Cotargeting of peripheral μ-opioid and cannabinoid receptors was found to have a synergistic effect in reducing mechanical allodynia in a mouse model of neuropathic pain in a study presented at the American Pain Society (APS) 2018 meeting, held March 4 to 6 in Anaheim, California.
“Current therapeutic options for the management of neuropathic pain are limited by their undesirable side effect profile that results from their off-target [central nervous system] effects,” pointed out the study authors.
“Our preclinical findings in rodent models of neuropathic pain, using peripherally acting opioids and cannabinoids, suggest that these peripheral targets may provide a novel approach to enhance analgesia while bypassing the off-target central nervous system effects.”
The investigators of this study sought to determine whether cotreatment with a peripherally restricted opioid (DALDA) and cannabinoid (CB13) would provide synergistic or additive benefit on mechanical hypersensitivity in a mouse model of neuropathic pain.
Compared with vehicle-treated controls, a greater reduction in mechanical hypersensitivity was observed in mice treated with both CB13 and DALDA. Co-administration of the 2 drugs had a synergistic effect in reducing mechanical hypersensitivity.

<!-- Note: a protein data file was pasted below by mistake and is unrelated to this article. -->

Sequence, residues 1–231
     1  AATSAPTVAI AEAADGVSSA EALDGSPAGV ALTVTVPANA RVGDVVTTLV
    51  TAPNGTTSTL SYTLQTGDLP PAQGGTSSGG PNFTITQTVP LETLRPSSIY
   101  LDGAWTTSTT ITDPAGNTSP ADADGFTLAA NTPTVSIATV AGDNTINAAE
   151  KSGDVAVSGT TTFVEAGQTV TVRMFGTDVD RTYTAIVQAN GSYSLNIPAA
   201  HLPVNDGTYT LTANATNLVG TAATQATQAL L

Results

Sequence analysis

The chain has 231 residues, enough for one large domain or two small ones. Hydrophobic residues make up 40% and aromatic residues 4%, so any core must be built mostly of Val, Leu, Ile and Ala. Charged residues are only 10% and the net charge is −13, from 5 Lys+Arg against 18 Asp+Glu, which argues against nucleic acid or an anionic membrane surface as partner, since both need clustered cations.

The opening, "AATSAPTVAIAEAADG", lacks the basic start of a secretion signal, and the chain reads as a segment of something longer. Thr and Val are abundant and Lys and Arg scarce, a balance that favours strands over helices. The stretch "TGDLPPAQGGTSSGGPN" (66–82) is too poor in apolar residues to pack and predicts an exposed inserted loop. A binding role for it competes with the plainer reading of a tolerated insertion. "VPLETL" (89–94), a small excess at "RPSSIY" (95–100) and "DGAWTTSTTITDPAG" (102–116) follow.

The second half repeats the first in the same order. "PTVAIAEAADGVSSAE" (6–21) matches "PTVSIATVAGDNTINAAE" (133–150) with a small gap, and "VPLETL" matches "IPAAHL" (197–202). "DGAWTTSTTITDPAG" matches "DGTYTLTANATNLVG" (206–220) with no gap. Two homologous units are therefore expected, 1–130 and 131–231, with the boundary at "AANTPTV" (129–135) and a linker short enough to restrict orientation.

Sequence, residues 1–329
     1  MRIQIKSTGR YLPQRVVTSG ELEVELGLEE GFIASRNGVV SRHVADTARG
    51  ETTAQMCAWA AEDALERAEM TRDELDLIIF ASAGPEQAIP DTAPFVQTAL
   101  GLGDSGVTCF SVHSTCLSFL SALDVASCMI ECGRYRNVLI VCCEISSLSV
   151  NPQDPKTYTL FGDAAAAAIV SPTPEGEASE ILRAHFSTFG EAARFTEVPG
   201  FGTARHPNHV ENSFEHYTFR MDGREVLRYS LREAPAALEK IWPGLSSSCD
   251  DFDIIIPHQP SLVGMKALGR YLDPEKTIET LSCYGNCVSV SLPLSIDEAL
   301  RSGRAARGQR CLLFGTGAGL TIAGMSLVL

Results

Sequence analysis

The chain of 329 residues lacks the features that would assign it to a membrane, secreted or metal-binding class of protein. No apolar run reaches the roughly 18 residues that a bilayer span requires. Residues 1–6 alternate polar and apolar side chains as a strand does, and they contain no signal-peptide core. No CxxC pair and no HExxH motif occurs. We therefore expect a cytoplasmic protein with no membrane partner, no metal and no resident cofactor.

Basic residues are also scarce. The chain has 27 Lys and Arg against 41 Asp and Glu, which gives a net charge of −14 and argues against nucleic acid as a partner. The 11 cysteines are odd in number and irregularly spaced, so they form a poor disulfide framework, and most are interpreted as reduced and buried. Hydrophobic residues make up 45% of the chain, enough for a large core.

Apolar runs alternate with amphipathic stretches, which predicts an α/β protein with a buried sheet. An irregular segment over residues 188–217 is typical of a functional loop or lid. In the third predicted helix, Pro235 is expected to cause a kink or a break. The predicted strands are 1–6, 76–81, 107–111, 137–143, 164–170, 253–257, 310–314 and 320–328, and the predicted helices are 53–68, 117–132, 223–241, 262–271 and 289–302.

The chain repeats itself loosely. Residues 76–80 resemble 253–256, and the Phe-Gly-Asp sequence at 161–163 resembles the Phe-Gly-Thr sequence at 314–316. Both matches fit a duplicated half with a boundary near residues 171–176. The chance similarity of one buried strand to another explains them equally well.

“Treatment of neuropathic pain is limited by the efficacy and the adverse effects associated with presently available pharmacological therapies,” explained the investigators. “These findings may have significant implications for the development of combination therapies with peripherally acting drugs. Such a strategy needs to be tested in the clinical population suffering from neuropathic pain syndromes,” concluded the study authors.
Grenald S, Guan Y, and Raja S. Peripheral cannabinoid and mu opioid receptor synergistic inhibition of neuropathic pain. Presented at: American Pain Society (APS) 2018; Anaheim, California; March 4-6, 2018. Abstract 255.